But we can be neither authentic nor of service when we’re walking on eggshells lest we inadvertently trigger doubt, fear, anger, disappointment or pedestal-putting in others. As always, Marianne Williamson says it best.
“Your playing small does not serve the world. There is nothing enlightened about shrinking so that other people won’t feel insecure around you.”
Like learning to work with creative tension, getting comfortable with leadership has its challenges, but it also comes with rewards – not least, rarely being boring or bored.
• • • • •
Of course, this is all easier said than done.
As Richard Bach points out in The Messiah’s Handbook: “In order to live free and happily, you must sacrifice boredom. It is not always an easy sacrifice.”
- It’s not always easy to sacrifice ego, identity, immediate gratification, and ready applause for pulling rabbits out of our hats at the last minute.
- It’s not always easy to identify a truly engaging sense of purpose that is feels better than all that, one that makes creative tension bearable and can fuel a challenge until the reward of the results are achieved.
- It’s not always easy to find the sweet spot of flow that’s neither too easy nor too difficult.
- It’s not always easy to stop using initial setbacks as the sole measuring stick by which you choose whether or not to continue pursuing a goal.
- It’s not always easy to practice patience and master the skills of consistent persistence.
- Nor is it always easy to let go of the fear of threatening and alienating others.
And thank goodness for that! Because if sacrificing boredom was easy, well, we’d find the problem too tedious to bother with!
So, my friends, I’m throwing down the gauntlet. I’m challenging myself to knock off the boredom-induced drama already and find some engaging ways to stretch myself.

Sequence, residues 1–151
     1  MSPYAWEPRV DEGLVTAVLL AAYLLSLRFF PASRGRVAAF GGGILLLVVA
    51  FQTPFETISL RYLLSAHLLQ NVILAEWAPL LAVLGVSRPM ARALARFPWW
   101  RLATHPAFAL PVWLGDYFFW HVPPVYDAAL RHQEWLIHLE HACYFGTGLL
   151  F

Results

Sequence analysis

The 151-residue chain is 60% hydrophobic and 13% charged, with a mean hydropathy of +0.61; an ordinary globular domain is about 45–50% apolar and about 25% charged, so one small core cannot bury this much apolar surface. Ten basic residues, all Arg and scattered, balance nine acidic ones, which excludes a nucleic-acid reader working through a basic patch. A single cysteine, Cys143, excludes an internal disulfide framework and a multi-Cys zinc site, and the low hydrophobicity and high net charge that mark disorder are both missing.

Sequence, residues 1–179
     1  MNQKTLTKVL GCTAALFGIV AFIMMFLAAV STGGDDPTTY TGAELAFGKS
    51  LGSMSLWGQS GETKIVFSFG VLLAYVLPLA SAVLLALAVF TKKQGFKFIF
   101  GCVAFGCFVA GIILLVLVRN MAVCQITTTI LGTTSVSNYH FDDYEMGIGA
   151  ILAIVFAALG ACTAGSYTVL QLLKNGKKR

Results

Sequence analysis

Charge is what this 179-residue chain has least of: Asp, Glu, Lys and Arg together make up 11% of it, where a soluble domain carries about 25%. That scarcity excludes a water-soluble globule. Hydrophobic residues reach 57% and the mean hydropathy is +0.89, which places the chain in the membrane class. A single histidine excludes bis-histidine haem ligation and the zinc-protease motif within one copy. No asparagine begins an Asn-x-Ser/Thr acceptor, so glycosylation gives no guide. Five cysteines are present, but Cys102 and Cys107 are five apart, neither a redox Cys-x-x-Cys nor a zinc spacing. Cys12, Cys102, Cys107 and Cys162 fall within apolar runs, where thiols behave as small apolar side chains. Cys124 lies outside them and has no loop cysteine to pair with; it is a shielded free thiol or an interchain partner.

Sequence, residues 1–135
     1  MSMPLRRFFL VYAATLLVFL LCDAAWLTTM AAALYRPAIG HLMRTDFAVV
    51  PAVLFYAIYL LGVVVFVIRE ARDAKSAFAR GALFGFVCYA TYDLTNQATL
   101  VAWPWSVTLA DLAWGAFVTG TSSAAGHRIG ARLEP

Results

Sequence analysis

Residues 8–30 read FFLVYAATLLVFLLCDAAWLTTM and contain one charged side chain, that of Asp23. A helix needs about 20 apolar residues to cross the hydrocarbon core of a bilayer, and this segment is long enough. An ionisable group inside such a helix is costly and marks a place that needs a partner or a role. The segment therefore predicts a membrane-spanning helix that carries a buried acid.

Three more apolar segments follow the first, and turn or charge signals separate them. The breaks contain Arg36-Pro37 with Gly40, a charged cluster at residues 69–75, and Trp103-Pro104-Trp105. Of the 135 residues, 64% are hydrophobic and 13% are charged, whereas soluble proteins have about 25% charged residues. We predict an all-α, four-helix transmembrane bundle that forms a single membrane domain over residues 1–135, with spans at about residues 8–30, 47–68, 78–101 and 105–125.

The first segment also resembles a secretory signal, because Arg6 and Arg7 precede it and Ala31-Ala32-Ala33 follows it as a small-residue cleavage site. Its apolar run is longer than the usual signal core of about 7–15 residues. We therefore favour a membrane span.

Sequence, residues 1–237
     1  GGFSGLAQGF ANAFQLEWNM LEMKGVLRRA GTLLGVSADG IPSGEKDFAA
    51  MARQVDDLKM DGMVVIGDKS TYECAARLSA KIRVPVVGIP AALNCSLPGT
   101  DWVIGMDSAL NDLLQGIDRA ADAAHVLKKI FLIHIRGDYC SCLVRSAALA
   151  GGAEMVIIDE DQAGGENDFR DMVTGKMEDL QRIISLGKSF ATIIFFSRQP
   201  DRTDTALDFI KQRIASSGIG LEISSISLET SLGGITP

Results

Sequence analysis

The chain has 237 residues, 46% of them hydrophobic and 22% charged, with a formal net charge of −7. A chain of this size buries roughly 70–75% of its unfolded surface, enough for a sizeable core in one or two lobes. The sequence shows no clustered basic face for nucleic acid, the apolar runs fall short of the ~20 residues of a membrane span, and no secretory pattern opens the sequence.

And I’m challenging you to do the same.
If it’s possible that your lack of productivity is not caused by overwhelm or disorganization, but primarily because you are under-challenged in some way – explore that!
If the suggestion that your distraction, resistance and angst are simply the byproducts of boredom rings true for you – do something about it!
Experiment with raising your bar and finding your sweet spot of flow. Learn to work more skillfully with creative tension. Stabilize and solidify your foundation. Expand your sense of identity and purpose. Embrace the responsibilities that come with all of that.
Let’s sacrifice our boredom. Let’s offer it up in exchange for more freedom and happiness.
Please write back soon and tell me…
– in the comments below, by email [ hello at thirdhandworks dot com ] or postal service [ address at the bottom of the page ]
I’d love to know your thoughts on boredom.
- What does it look and feel like to you? What do you do to avoid it? What do you do when you are bored?
- How do you think boredom affects your productivity and satisfaction?
- What would you have to let go of if you chose to sacrifice your boredom?
Hope you are feeling the stirrings of spring wherever you are,